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While Pistons wave the white towel, Red Wings show self-respect & pride

 

March 28, 2017

 

While Pistons wave the white towel,

Red Wings show self-respect & pride

 

By KEITH GAVE

Sports Director

 

“April in the D” is going to be awfully boring this year.

 

The life of the party for the past 25 seasons won’t be playing after their final regular season on April 9 against New Jersey, the last game they will ever play at Joe Louis Arena. There will be no Stanley Cup playoffs this spring.

 

Until last weekend, there was a glimmer of hope that the Pistons would make the NBA playoffs for the second straight season after six years of failing to qualify for the post-season. But they waived the white flag rather convincingly in a pathetic 115-87 loss at Orlando, one of the worst teams in the NBA, followed by Monday night’s 109-95 loss to the woeful Knickerbockers in New York.

 

Note to Pistons: It’s OK to tank in order to move down in the standings and improve your draft position; it’s an accepted practice in the NBA. Just try not to make it look so obvious.

 

A couple of weeks ago, the Pistons were competing for sixth in the Eastern Conference. The losing skid two games out of eighth. If this continues, and there’s no indication that it won’t, their final game at The Palace of Auburn Hills will be on April 10. Two days later, their season will end at Orlando. They can stay and play in Disney World, watch the NBA playoffs with Mickey Mouse.

 

The Wings and Pistons seem to have distinctly different strategies in the final few weeks of their seasons. The Pistons’ loss Monday was their fourth straight The Wings, meantime, played their fourth straight overtime Monday, winning 4-3 at Carolina on Andreas Athanasiou’s second game-winning overtime goal in as many games. Detroit is now 5-1-1 in its last seven games.

 

But here’s the thing: The differing strategies make perfect sense for both teams. If you’re the Pistons, why struggle to just make the playoffs, finish eighth and get swept in the opening round of the tournament by Cleveland and then settle for a middle of the pack draft pick – 15th or 16th overall?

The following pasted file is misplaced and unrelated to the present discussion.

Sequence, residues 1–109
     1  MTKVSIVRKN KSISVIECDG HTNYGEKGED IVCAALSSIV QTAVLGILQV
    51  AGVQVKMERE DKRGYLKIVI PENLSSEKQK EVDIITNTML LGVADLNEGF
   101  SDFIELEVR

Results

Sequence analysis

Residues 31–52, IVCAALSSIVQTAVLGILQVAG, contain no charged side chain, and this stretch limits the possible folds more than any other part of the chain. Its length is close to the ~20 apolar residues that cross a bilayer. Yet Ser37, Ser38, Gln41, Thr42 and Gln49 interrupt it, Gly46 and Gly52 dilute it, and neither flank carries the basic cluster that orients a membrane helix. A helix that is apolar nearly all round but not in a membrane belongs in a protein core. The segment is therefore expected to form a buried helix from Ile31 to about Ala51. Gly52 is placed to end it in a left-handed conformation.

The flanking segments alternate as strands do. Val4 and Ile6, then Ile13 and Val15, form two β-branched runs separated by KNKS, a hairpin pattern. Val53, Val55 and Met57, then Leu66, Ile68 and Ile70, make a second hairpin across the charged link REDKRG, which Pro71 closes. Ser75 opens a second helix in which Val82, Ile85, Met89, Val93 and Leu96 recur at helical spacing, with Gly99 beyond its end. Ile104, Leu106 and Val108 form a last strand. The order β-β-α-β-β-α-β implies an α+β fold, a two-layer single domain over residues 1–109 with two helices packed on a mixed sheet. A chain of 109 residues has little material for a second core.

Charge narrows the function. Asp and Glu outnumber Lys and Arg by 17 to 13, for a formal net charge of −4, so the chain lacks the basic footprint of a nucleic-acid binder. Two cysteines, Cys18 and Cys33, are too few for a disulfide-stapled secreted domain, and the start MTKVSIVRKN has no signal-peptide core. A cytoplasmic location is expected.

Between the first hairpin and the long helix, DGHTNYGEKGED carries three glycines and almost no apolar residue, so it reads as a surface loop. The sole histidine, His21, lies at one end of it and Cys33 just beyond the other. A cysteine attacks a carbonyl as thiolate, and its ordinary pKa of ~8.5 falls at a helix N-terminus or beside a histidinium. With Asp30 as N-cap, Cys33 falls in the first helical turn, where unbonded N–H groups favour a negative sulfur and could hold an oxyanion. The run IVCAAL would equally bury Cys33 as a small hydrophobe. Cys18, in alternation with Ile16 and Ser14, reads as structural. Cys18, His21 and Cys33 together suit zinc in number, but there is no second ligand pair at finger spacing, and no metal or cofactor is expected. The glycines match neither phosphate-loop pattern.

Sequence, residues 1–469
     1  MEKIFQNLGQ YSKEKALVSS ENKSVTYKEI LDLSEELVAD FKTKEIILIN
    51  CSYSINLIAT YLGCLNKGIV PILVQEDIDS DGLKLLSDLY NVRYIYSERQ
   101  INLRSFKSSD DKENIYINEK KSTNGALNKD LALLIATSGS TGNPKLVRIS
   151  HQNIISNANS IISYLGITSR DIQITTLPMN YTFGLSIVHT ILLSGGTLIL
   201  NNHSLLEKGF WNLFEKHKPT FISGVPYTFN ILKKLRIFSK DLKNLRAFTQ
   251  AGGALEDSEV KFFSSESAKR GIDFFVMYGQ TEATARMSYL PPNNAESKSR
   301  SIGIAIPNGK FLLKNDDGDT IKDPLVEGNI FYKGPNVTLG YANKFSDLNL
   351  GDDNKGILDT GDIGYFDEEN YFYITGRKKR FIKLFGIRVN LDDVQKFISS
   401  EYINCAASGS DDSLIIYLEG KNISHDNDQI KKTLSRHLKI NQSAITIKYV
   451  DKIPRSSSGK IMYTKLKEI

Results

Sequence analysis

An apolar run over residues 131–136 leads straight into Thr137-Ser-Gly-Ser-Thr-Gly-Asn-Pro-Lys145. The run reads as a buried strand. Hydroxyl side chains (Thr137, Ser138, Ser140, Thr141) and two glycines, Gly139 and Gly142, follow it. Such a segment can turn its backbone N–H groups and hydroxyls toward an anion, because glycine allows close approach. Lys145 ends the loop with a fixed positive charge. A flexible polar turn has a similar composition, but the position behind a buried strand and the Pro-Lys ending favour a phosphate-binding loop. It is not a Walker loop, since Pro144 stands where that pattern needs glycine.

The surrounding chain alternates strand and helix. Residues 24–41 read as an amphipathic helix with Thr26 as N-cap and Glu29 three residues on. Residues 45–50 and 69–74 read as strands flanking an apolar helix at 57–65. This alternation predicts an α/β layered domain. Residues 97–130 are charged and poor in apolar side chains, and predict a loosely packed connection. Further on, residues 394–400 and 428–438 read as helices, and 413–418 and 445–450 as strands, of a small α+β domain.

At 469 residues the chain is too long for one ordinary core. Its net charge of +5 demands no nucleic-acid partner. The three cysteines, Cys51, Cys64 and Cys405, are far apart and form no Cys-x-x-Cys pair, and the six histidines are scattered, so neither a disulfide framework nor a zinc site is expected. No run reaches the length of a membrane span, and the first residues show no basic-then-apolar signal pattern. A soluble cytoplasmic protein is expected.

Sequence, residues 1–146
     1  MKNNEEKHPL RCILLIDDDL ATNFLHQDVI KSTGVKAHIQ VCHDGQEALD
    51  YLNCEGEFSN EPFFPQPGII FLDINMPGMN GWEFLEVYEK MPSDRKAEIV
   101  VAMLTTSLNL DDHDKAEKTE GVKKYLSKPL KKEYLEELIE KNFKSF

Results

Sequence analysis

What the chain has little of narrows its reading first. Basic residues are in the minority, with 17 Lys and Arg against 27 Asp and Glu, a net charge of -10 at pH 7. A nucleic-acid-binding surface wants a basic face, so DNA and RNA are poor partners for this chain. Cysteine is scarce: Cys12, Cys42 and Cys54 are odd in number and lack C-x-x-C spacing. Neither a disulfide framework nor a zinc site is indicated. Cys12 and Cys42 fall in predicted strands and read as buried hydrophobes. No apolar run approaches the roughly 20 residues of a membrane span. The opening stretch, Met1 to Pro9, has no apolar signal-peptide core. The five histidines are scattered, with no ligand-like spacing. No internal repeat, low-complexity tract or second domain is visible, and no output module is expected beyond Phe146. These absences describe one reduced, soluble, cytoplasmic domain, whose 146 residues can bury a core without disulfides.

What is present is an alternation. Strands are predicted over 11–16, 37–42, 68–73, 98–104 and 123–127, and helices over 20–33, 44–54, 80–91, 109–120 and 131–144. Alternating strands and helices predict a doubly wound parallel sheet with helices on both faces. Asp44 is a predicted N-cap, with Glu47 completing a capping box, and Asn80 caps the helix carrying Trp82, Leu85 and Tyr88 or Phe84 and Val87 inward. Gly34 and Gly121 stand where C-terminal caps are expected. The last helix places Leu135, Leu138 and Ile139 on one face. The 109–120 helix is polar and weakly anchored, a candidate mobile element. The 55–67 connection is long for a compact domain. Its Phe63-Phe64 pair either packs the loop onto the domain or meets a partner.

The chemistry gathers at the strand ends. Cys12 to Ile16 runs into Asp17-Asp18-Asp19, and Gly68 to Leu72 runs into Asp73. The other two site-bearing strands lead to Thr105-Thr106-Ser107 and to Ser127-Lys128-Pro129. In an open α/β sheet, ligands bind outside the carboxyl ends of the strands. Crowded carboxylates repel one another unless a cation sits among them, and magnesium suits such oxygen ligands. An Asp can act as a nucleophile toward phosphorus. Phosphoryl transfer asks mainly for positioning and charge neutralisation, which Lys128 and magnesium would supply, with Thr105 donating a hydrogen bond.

Indeed, by all accounts this is a loaded draft, especially at the top end of the first round. On Monday, the Pistons ranked 19th overall among the NBA’s 30 teams, which would qualify them for the 12th overall pick. A decent little losing streak down the stretch and 22nd overall is perfectly within reach.

 

That would give them a Top 9 pick. The quality of players available is exponentially better. All Stan Van Gundy has to do is pick the right guy. Then find a coach capable of communicating with this generation of players. Because it’s painfully obvious that he cannot.

 

Meantime, pay no attention to all those silly mock NBA drafts already beginning to surface. The so-called experts are missing two important pieces of information: the order in which the teams finish and, more important, which players will be available.

 

With the NCAA tournament whittled from 68 teams to four, more and more underclassmen, most of them freshmen, are announcing their intentions to leave college for the NBA. (I see you, Miles Bridges). It’s like Christmastime for professional basketball.

 

The Red Wings, meantime, are choosing a much different route to the end. This was their third OT win in four games. Previously, they won at Montreal and beat Minnesota at The Joe on Sunday.

 

Monday’s game was rescheduled from earlier in the season when the ice-making capability at Carolina’s PNC Arena went to hell. That forced the Wings into a rare three-games-in-three-nights situation.

 

Carolina was in one of the most torrid stretches in its history, going 7-0-3 in its previous 10 games to pull into playoff contention. Desperate for points, the ’Canes were no easy opponent. On what surely were tired legs, the Wings refused to buckle. It was an impressive performance.

 

The result of their recent string of success moved the Wings from 28th overall among the NHL’s 30 teams to 25. It’s not unreasonable to think they could finish 23rd overall. So instead of a top-3 draft pick they could slip to eighth overall.

 

And. It. Doesn’t. Matter.

 

Unlike the NBA draft, there is no immediate help among the prospects available in the NHL draft. Unlike the past two years, there are no generational players, no one like Conner McDavid in 2015 or Austen Matthews last year. No one worth tanking for, like Toronto did so artfully last season to get Matthews.

 

What we’re seeing from these Detroit Red Wings instead is good, hard, honest hockey. They may not reach the playoffs, but they’re making it tough on teams struggling to qualify for the tournament or battling for higher seeds.

 

What we’re seeing can’t help but make us wonder how the Wings might have fared had they been a bit healthier, especially having Jimmy Howard available all season.

 

What we’re seeing, albeit a bit too late, is the same kind of pride in this edition of the Detroit Red Wings as all those 25 teams before that helped stitch this most impressive streak together. The players on this team couldn’t care less about draft picks. They’re playing like pros.

 

Meantime, we prepare to celebrate “April in the D.” Detroit Tigers, you’re on the clock.

 

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